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Power Databases Hardware

Atom Processors Set New Record For Power-Efficient Sorting 92

schliz writes "German researchers have set a new record for energy efficient data sorting with a system based on netbook processors and Solid State Disks. The system, dubbed EcoSort, more than tripled the power efficiency of former record holders, leading one of its developers to claim: 'In the long run, many small, power-efficient and cooperating systems are going to replace the so far used, heavy weighted ones.' Records were defined by 'Sort Benchmark,' which was created by missing Microsoft scientist Jim Gray and was now managed by representatives of companies like Hewlett-Packard and Microsoft."
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Atom Processors Set New Record For Power-Efficient Sorting

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  • by lorenzo.boccaccia ( 1263310 ) on Monday March 29, 2010 @06:00AM (#31654800)
    ...but you should also consider the computing power density. what you're saving in power usage you're spending in the storage rent/purchase/maintenance/whatever.

    power efficiency will grant you savings up to a certain point only, eventually the massive space you're using will cost more than the power you're saving - it's unclear by now if a atom based farm is above or below that point, but the evidence (aka actual trend of big players investment) would suggest that moving datacenter up north and south the globe is still the best choice to reduce the energy bills (which is balanced by latency and such - so even that is a tradeoff in functionality)
  • by TheRaven64 ( 641858 ) on Monday March 29, 2010 @06:58AM (#31655092) Journal
    Am I the only one who read this and thought that 50W idle is insanely high? For comparison, the BeagleBoard draws under 50mW idle. If the hard disks have spun down, that should be about your total power drain. Maybe 1W if you add a very inefficient PSU. Consuming 50W while doing nothing? That's not low power, that's embarrassing.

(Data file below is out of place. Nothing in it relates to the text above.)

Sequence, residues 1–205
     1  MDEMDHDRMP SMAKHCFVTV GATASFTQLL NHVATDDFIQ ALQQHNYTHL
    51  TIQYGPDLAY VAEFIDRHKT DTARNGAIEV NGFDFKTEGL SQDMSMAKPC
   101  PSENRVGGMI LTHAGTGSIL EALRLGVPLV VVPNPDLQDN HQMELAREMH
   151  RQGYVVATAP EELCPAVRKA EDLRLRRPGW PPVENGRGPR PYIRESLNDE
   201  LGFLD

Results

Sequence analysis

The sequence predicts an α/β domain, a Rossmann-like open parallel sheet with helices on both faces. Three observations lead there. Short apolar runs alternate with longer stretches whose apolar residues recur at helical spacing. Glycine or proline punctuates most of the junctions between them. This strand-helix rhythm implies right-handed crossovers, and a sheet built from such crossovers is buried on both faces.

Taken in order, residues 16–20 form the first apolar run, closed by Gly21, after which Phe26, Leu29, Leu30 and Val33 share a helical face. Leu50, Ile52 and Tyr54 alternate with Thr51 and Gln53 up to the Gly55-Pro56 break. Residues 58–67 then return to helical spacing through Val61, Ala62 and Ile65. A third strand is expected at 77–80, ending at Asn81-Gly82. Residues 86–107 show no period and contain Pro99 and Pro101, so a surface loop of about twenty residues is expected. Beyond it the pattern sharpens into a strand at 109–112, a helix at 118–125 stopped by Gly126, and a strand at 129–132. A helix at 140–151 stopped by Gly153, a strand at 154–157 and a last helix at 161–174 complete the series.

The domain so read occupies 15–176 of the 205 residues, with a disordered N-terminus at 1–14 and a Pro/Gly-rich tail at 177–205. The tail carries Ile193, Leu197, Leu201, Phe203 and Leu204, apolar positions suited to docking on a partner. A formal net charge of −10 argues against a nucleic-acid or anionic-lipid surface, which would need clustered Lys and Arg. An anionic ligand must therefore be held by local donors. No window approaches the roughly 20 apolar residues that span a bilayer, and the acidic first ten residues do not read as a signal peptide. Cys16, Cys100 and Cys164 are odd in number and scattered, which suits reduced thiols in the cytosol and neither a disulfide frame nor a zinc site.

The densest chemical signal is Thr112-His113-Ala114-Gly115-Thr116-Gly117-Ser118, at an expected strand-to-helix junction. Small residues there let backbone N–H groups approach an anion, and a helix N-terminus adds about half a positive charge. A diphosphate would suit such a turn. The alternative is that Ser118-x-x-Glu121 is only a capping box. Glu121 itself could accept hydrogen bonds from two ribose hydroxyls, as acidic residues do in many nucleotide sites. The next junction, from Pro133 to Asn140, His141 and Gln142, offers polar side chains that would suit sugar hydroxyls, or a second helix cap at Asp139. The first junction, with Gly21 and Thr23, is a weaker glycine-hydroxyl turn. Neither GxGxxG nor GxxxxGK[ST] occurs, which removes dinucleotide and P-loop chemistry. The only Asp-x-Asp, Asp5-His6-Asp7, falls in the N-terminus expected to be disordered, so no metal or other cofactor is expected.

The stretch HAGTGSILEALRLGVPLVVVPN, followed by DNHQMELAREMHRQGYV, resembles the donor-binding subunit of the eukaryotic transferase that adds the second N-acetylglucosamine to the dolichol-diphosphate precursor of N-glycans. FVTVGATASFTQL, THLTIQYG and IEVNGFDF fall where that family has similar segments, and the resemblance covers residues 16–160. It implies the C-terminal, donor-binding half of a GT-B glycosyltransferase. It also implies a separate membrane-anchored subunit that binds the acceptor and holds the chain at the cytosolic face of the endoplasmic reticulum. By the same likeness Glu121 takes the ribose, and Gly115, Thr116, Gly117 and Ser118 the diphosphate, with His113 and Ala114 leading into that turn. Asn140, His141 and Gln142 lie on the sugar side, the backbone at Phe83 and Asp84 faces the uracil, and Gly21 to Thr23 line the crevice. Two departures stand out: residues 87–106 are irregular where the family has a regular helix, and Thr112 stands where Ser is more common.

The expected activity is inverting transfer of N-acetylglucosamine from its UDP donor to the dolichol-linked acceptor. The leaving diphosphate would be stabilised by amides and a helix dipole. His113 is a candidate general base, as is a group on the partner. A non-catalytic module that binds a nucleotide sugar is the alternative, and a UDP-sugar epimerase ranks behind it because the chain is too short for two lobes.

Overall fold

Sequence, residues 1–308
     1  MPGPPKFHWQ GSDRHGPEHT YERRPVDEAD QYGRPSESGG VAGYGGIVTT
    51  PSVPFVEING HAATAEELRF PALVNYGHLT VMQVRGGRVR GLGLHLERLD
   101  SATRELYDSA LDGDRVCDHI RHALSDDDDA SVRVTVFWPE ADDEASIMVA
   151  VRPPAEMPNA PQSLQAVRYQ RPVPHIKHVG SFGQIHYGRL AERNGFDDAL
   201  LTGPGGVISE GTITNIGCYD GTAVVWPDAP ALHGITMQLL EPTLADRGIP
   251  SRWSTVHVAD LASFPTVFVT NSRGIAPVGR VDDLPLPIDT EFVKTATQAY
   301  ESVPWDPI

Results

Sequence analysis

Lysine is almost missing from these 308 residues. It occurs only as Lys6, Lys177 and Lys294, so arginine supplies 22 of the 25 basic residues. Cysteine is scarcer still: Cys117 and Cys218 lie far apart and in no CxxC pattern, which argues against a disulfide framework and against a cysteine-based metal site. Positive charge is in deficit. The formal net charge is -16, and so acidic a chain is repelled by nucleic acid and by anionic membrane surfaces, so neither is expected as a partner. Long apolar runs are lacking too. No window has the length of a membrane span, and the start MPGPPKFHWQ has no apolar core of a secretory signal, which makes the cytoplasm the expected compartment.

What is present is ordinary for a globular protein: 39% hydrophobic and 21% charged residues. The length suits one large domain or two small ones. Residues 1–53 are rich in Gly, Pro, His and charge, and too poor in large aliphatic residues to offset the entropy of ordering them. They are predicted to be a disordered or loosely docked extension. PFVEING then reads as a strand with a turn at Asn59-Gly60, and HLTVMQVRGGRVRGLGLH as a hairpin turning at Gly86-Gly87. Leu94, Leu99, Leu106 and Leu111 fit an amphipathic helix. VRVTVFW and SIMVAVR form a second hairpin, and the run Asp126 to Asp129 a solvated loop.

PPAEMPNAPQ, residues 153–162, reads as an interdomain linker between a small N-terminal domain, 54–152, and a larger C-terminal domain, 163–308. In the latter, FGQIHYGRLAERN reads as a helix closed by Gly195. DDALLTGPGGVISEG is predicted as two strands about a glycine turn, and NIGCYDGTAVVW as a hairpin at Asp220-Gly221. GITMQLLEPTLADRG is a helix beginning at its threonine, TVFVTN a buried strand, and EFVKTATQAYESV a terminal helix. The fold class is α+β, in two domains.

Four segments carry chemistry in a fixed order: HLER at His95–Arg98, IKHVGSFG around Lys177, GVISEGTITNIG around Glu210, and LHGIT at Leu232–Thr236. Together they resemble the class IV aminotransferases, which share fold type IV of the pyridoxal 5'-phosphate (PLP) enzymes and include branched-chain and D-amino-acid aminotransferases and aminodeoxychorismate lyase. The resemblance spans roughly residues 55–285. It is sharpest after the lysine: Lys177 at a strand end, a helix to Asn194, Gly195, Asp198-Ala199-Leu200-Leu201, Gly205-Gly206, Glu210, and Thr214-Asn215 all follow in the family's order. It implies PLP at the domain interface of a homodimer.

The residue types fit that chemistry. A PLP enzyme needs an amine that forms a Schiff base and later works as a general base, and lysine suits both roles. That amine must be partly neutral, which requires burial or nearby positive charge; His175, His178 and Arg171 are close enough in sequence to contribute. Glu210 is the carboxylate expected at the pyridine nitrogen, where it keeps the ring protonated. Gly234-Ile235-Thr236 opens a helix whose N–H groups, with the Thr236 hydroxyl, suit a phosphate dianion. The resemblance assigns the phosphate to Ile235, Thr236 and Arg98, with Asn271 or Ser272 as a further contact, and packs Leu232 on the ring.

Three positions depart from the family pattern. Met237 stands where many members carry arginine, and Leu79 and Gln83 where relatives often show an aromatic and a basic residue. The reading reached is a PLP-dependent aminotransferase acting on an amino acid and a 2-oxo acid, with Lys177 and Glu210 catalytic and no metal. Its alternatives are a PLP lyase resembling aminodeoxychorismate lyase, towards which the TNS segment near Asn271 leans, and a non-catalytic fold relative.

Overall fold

• by White Flame ( 1074973 ) on Monday March 29, 2010 @07:16AM (#31655174)

    Short answer: No.

    Long answer: They sort of used to be, but nowadays the lifecycles and capacities are large enough such that you could keep the SSD's interface saturated with writes for 5-10 years straight before you start to encroach on their conservatively rated write cycle life expectancy.

  • by Anonymous Coward on Monday March 29, 2010 @07:41AM (#31655274)

    It's easy for some marketing fools to say, "Oh, for sure, it'll last 5 to 10 years." It's easy for them to print those claims on the product packaging, too. But marketing claims don't, of course, have any real impact on the lifespan of a product.

    We heard the same claims for CD-Rs years back. They'd last 99 years, we'd often hear. Now, less than 10 years later, people who backed up data onto CD-Rs are running into problems. Even when storing the burned CD-Rs properly, they have nevertheless developed unrecoverable read errors because they've degraded many times faster than expected.

    Frankly, we can't say that these SSD drives will last 5-10 years straight, while saturated, especially while they really haven't been around for that long. Unless you've actually taken a drive and had it perform writes continuously for a decade, and can demonstratively provide that the drives will last that long before performance degrades, we have to assume the worst.

  • by FlyingBishop ( 1293238 ) on Monday March 29, 2010 @08:42AM (#31655684)

    I think we can safely say that you can saturate it for a couple years, as I imagine someone has done that and not had any issues.

    Though I haven't seen the data, I think if someone consistently showed SSDs dying at a year of saturation (which is far more than you will usually have) it would make news.

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